Charles Olson 1910–1970
American poet, essayist, and critic.
Olson is considered one of the major influences on American poetry after World War II. In the early 1950s, Olson taught at Black Mountain College, North Carolina. There he became the central figure of a group including poets Robert Creeley, Edward Dahlberg, and Robert Duncan, now known as the Black Mountain school of poetry. Olson presented the fundamental theory of the Black Mountain school in his essay "Projective Verse," a radical statement which proposes a philosophy of existence as well as a new poetics, both substantially based on the rejection of the rationalistic, ego-centered conventions that have dominated Western literature and society. Besides its direct effect on the Black Mountain poets, most critics consider this essay to be a powerful influence upon American poetry written in the 1960s, and its significance contributed greatly to Olson's stature as a literary cult figure.
Olson's first major piece of writing was a critical-theoretical study of Herman Melville. In this work, Call Me Ishmael (1947), there appear many of the concerns Olson later dealt with in his verse, including the destructiveness of the ego, exemplified by the character Ahab in Melville's Moby Dick, as well as the utilization of forceful speech and prose rhythms dependent on breath. In "Projective Verse," Olson developed the theories he contemplated in Call Me Ishmael to create a personal manifesto of poetic aims and techniques. His interest in humanity's physical and spiritual orientation expanded to include rules for the recreation of the world in a work of art. For poetry, Olson's basic principles of projectivism are as follows: (1) "the poem itself must, at all points, be a high-energy construct and, at all points, an energy discharge …"; (2) "form is never more than an extension of content"; and (3) "one perception must immediately and directly lead to a further perception."
The Maximus poems represent Olson's major artistic attempt to apply his poetic theory. They strongly illustrate his insistence on direct perception. The poems require the reader to experience the world through Maximus's senses as reflected by the spatial arrangement of words on a page. Thus, the Maximus text purposely appears fragmented and scattered to the eye in order to reinforce Olson's rejection of a linear perception of the world. Olson's desire for direct, comprehensive perception caused him to abandon many of Western civilization's conventional means of knowledge. Instead, he explored pre-Christian myth and attempted to trace the evolution of humanity through Maximus's experience. Maximus, Olson's wayfaring hero, is largely an Adam figure who experiences his place, Gloucester, in terms of the natural forces operating within that universe. Gloucester, a favorite haunt of Olson while he was growing up in Massachusetts, figures symbolically in his writing, particularly because one of his primary artistic considerations was the effect on an individual of the social evolution of place. Many critics and readers find the Maximus poems difficult to follow because of Olson's experiments with form and content. Olson began the Maximus series in 1950 and continued working on it until his death.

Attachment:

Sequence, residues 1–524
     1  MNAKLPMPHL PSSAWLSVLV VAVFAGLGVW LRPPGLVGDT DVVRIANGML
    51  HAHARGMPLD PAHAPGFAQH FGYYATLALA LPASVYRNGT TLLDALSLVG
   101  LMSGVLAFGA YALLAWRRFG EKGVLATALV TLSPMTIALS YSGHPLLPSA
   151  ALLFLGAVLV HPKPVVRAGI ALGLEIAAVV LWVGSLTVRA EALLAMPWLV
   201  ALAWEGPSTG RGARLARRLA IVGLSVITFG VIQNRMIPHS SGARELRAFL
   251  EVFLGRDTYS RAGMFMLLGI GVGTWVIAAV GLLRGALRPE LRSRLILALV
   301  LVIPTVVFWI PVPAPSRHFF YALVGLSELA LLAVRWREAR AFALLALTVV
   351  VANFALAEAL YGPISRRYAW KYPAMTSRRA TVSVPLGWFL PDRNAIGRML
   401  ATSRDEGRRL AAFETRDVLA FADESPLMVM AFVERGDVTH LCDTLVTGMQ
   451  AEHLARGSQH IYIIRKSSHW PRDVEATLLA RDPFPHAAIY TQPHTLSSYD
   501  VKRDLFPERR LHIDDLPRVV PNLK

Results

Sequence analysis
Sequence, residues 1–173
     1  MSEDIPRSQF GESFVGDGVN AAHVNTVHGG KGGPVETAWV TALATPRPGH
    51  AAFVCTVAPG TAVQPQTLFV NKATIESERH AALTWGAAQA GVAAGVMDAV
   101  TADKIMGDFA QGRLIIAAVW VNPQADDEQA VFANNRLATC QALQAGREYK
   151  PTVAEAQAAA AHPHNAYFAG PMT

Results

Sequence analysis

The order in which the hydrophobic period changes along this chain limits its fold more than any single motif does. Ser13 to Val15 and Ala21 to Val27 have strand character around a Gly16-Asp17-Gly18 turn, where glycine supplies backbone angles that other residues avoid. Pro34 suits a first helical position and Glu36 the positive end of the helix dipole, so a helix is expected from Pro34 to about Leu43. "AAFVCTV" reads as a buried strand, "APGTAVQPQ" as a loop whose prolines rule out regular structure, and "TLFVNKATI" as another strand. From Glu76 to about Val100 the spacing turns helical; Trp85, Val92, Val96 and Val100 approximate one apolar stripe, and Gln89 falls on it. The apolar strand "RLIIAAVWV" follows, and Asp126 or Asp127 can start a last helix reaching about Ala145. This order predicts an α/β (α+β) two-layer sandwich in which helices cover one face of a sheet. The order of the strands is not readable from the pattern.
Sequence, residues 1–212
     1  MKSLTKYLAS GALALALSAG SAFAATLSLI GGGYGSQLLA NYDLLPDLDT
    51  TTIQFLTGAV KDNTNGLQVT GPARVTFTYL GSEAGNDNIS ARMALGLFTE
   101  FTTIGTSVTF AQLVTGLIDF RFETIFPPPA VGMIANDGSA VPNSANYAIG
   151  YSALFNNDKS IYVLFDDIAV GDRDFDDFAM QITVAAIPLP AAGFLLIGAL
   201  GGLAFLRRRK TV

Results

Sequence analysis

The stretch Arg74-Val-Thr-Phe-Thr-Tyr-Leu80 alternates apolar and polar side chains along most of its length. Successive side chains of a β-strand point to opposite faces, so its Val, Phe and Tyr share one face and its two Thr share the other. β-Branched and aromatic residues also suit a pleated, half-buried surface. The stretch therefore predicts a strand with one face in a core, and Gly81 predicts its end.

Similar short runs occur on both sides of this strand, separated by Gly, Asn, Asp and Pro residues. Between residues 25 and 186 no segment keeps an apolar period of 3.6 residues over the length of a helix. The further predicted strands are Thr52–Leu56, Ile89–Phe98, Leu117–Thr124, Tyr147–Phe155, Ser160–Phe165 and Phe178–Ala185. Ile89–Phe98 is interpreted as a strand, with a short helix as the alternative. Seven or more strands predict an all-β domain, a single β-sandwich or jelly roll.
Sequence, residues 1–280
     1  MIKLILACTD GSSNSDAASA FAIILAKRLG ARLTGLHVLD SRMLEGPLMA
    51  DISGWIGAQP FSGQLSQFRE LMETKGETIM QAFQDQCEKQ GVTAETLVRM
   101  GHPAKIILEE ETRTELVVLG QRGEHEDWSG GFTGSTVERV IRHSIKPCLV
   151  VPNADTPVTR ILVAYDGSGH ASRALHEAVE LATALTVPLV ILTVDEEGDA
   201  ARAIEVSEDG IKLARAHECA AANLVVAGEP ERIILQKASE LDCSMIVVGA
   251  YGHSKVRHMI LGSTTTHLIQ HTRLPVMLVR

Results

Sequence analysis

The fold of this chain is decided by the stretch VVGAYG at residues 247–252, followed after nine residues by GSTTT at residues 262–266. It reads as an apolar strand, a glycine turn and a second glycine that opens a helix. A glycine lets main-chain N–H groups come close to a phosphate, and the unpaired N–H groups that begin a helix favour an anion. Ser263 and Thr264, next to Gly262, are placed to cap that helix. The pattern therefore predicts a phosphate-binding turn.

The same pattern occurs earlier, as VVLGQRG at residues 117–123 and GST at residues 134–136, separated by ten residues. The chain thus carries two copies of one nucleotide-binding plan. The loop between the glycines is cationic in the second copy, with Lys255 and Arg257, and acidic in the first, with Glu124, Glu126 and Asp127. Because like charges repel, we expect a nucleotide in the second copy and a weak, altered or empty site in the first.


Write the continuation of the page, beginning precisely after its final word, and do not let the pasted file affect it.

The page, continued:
Critical assessment of the importance of Olson's projective verse theory varies depending on a given critic's enthusiasm for Olson as a phenomenon in American poetry. For example, the first principle of projective verse has been deemed, by unimpressed critics, a commonplace artistic truism, devoid of originality. The second and third principles have been attacked because their significance is obvious only for the poet as creator; the reader is logically isolated from the poet's creative process. Olson's dissenters further argue that his theory is wholly derived from those of Ezra Pound and William Carlos Williams and that he did little to advance their attempts to move from subjective to objective artistic discourse. However, Olson's defenders maintain that his poetic theory, with its deemphasis on ego, did much to advance the aesthetic application and appreciation of an individual's natural relationship with the universe. Paul Christensen praises Olson's "philosophical regimen for overhauling humanity," his striving "to restore to human beings their own primal energies."
Although the Maximus sequence is widely regarded as an important contribution to modern American poetry, it is generally believed by critics and scholars that Olson's most significant contribution to literature was as a theorist and mentor. The range and eccentricities of his propositions have done much to generate controversy and inspire other writers.
(See also CLC, Vols. 1,2,5,6,9,11; Contemporary Authors, Vols. 15-16; Contemporary Authors, Vols. 25-28, rev. ed. [obituary]; Contemporary Authors Permanent Series, Vol. 1; and Dictionary of Literary Biography, Vols. 5, 16.)